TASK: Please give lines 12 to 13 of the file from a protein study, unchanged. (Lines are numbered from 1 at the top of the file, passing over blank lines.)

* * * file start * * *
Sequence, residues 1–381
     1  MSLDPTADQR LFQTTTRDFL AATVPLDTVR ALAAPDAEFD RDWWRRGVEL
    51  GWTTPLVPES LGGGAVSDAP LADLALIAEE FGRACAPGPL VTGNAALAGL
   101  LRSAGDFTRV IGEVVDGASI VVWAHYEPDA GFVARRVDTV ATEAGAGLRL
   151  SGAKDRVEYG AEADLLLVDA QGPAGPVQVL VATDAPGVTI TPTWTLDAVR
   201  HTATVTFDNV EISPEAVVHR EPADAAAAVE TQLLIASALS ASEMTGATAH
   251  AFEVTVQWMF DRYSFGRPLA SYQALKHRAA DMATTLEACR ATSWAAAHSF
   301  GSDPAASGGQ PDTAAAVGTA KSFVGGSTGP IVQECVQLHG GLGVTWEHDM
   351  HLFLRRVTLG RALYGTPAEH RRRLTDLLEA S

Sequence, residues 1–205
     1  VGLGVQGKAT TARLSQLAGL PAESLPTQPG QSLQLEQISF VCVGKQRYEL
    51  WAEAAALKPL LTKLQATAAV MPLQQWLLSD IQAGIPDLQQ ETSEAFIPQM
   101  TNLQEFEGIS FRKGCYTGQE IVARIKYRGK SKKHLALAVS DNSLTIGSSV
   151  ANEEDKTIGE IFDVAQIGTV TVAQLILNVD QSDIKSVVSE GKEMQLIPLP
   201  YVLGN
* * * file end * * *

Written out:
    51  WAEAAALKPL LTKLQATAAV MPLQQWLLSD IQAGIPDLQQ ETSEAFIPQM
   101  TNLQEFEGIS FRKGCYTGQE IVARIKYRGK SKKHLALAVS DNSLTIGSSV